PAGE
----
4.3.6: 1830 - 1910 - Forms of trading / payment

The changes that began to occur in the eighteenth century in the trading contacts between publishers and booksellers were finalised in the nineteenth century. The barter trade definitely made way to the commission trade, wherein the book trader returned the unsold goods free of charge to the publisher and the sold goods were charged by the publisher to the bookseller before the end of the year. At the beginning of the nineteenth century, it also happened that goods received on commission were exchanged for (own) commission goods, with which (part of) the account was settled. The publishers tried to sell their commission goods not to but through the established booksellers (some names: C.L. Brinkman, Schalekamp, Van de Grampel & Bakker, M.H. Schonekat, G. Portielje, H.J. van Kesteren and J. Noordendorp). These correspondents received a commission of 5% on each copy sold, without running any risk themselves.

For the publishers commission trade was attractive, on the one hand because their editions were offered for sale in far more bookshops, but on the other hand, they ran the risk of commission goods not being returned, returned late, or returned well-thumbed. Since 1834, the Vereeniging ter Bevordering van de Belangen des Boekhandels (Association for the Promotion of the Interests of the Book Trade, now KVB) undertook several attempts to ban those booksellers who did not return their commission goods on time, but all these attempts were in vain. The year 1874 saw the incorporation of the Bestelhuis van den Nederlandschen Boekhandel (distribution office of the Dutch Book Trade), which later became the Centraal Boekhuis (Central Book House) with the purpose of organising the commission trade in a centralised way. One year later, the commission traders of the competing firm of Schalekamp, Van de Grampel & Bakker were also taken over.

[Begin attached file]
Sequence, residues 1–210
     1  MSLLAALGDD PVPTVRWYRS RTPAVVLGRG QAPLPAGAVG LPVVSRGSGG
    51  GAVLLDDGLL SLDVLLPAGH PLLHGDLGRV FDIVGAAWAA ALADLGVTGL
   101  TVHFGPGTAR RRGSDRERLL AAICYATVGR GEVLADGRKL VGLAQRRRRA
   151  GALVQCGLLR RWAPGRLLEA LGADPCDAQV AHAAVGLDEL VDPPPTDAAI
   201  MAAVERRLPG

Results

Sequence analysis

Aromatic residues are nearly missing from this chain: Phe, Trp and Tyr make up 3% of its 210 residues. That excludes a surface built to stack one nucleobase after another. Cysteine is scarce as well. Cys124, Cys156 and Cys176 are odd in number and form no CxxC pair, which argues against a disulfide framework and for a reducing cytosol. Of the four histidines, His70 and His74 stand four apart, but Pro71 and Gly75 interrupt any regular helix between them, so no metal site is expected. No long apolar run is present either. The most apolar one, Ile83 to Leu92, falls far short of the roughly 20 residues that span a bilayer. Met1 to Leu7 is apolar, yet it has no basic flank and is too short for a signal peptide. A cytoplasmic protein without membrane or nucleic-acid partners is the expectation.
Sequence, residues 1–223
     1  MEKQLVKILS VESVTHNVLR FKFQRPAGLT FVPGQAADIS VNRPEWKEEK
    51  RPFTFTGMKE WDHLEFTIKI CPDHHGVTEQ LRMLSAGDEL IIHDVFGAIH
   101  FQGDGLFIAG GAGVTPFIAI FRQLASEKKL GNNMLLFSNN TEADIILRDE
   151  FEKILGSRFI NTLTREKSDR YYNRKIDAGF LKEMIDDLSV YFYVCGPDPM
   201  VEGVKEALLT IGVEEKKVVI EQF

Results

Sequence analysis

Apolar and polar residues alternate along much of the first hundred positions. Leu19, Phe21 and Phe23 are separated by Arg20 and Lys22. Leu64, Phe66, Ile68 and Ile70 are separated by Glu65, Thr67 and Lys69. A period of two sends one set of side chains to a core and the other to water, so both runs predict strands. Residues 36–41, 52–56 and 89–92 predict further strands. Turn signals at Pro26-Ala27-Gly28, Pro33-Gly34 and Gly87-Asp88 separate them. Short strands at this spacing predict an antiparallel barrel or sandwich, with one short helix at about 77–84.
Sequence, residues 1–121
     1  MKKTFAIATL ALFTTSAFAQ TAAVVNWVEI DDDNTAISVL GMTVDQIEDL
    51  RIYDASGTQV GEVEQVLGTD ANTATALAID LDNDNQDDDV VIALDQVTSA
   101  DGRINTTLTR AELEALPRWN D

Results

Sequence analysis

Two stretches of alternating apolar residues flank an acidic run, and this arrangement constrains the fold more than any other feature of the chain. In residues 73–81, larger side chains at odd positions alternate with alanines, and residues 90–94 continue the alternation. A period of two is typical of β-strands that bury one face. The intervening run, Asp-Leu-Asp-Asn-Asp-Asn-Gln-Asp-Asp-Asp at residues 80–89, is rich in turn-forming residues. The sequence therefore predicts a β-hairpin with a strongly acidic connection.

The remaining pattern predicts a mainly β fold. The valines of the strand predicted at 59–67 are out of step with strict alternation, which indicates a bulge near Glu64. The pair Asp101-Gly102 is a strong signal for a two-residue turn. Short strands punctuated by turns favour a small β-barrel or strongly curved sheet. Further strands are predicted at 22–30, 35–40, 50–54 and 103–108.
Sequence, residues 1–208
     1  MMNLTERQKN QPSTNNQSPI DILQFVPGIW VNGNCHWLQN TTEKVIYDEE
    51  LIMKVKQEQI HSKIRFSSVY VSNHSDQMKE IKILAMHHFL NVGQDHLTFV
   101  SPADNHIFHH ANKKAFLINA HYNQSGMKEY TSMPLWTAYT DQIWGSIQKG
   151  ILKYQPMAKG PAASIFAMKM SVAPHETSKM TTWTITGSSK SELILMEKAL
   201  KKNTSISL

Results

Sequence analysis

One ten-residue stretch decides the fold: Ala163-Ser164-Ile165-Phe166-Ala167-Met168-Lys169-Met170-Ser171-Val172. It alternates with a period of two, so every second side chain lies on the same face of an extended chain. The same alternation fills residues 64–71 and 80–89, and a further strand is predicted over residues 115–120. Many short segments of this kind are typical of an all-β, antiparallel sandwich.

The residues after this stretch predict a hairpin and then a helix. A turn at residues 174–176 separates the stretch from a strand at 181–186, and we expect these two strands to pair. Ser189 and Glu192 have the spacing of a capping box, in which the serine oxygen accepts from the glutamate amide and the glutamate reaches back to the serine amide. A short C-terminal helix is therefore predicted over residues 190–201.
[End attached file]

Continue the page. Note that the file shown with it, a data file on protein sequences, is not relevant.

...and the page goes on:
In the second half of the nineteenth century buying on credit came into vogue, the buying of titles by the bookseller at his own risk. The publishers lured book traders with discounts to order on credit as much as possible.

Publishers sent subscription lists or prospectuses of works to be published to booksellers in order to get them to order; the publisher often granted a discount on subscriptions. Booksellers were also seduced with 'premiums' to place large orders and there was the rebate; at the end of the nineteenth century this bookseller's discount for ordinary and new editions amounted to 20%. When a dispute evolved in 1861 among the booksellers about the discounts granted to schoolbook sellers, the Vereeniging set a fixed discount of 10% on schoolbooks.

Publishers and booksellers paid their suppliers with bills or in cash, payments at list auctions were in cash. The accounts were made up at the end of the calendar year and usually paid at the beginning of the new year. Publishers and booksellers also met one another at the annual Leipziger Buchmesse to settle accounts and conduct business.

Due to the mechanisation of the book business on the one hand and the growth of the reading public on the other hand, private retail prices decreased enormously in the nineteenth century. If the usual price for a novel at the beginning of the nineteenth century was still around 4 guilders (about € 1.80; a worker earned 6 guilders (€ 2.70) a week on average), many books were sold for less than 2 guilders ( about € 0.90) at the end of the century. The prices of popular editions and literary series illustrate this drop in particular, but other genres became less expensive as well. The abolition of the newspaper stamp in 1869 caused a further drop in price for periodicals. The fixed book price was maintained in this period.

author: Chantal Keijsper

Forms of trading / payment